The Monument, London EC3R 8AH

by Telesto

The Great Fire of London started on Sunday, 2 September 1666 and wasn't completely extinguished until Thursday, 6 September, with a loss of over 13,000 houses.

Picture the scene: London, 1665. Stuart England. The summer had been hot. Very hot. The population was increasing, the houses were close together. There was no sewerage system to speak of (unless you call throwing waste in the street or the river a sewerage system) and certainly no council rubbish collections. The rat population had not reduced as would have been expected because the preceding winter had been so mild. (The gestation period of a rat is about 21 days, so they were breeding like, well, rats.) London was filthy, no wonder the Great Plague spread so quickly. It is estimated to have killed about 100,000 people, which would have been around 15% of the population of the time. 1665 was not London’s finest moment.

The Monument was built to commemorate the fire and the rebuilding of the City. AT 202 feet high, you will get a fabulous, panoramic view of the city, well worth the visit.

The Monument in Fish Street Hill

Picture the scene:  London, 1665.  Stuart England.  The summer had been hot.  Very hot.  The population was increasing, the houses were close together.  There was no sewerage system to speak of (unless you call throwing waste in the street or the river a sewerage system) and certainly no council rubbish collections.  The rat population had not reduced as would have been expected because the preceding winter had been so mild.  (The gestation period of a rat is about 21 days, so they were breeding like, well, rats.)  London was filthy, no wonder the Great Plague spread so quickly.   It is estimated to have killed about 100,000 people, which would have been around 15% of the population of the time.  1665 was not London’s finest moment.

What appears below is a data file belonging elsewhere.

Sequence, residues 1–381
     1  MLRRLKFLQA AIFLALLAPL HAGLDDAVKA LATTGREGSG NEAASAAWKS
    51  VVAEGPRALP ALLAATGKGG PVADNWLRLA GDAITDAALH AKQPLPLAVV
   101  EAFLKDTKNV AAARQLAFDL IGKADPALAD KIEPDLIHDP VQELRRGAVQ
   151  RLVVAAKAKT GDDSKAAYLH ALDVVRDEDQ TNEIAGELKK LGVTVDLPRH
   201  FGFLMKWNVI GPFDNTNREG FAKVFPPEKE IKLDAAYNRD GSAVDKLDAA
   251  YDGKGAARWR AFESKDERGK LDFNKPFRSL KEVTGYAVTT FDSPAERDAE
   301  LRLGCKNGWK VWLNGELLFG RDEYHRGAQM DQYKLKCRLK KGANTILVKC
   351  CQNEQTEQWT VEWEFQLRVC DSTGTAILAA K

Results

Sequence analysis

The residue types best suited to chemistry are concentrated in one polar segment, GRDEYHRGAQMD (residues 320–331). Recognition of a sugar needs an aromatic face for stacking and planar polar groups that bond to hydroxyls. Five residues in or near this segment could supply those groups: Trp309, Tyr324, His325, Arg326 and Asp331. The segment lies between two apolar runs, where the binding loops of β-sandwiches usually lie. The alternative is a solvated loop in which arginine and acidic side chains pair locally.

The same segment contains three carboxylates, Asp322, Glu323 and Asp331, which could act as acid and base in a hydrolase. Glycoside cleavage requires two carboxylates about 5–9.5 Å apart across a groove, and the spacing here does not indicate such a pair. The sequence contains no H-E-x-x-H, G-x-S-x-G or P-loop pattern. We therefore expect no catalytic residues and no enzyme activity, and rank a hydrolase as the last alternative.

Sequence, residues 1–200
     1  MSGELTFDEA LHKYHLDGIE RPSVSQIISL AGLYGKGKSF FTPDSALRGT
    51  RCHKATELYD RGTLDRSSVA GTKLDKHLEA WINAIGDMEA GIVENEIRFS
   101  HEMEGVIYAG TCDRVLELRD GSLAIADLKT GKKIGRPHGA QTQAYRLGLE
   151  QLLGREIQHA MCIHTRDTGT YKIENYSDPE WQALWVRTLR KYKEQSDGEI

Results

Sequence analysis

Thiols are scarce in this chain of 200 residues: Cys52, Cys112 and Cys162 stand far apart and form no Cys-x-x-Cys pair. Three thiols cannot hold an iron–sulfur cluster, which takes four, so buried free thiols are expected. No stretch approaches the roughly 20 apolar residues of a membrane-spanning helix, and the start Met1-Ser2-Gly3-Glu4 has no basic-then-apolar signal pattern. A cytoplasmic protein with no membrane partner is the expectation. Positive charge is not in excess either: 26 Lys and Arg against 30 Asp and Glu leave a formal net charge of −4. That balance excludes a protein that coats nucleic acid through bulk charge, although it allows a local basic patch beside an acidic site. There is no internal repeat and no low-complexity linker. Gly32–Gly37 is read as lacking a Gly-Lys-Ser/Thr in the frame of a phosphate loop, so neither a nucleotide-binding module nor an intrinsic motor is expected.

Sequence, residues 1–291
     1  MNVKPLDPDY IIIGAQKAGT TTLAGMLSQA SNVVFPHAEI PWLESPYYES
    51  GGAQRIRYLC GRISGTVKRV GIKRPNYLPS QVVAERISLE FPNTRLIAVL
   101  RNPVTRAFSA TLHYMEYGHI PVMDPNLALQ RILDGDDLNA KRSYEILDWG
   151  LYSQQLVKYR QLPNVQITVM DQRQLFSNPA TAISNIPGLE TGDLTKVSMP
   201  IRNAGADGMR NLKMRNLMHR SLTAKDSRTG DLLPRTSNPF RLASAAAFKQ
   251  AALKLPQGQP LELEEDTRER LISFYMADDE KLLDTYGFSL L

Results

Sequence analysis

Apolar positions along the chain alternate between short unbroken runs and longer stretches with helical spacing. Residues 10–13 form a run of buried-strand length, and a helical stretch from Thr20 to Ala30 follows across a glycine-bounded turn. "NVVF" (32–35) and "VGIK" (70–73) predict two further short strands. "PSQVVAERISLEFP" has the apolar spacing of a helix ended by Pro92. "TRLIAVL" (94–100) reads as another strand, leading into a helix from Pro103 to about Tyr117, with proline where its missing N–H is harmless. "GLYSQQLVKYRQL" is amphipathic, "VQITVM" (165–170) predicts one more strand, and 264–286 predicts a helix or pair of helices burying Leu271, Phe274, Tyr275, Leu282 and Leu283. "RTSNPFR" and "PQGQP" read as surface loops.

London, before and after the Great Fire
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 A year later, the city was just recovering when - on the face of it - tragedy struck again.  Thomas Farriner (sometimes spelt Farynor) had a bakery in the aptly named Pudding Lane.  One of his maids is credited with failing to put out the ovens at close of business, which, in a wooden building, easily caused a fire on Sunday, 2 September 1666.  The maid was one of the (alleged) five human victims of the fire as she was unable to escape the building.  Most of London was made of wooden buildings, and the fire quickly spread.  Nothing unusual in that, fires were commonplace in London in those days. 

 The Mayor of London was awoken, but he was unconcerned.  I won’t repeat exactly what was reputed to have said, but it meant that he didn’t take the fire too seriously.  However, by the following morning, London was burning.  London Bridge was alight, and the only thing that stopped the whole bridge burning was an open space which acted as a firebreak.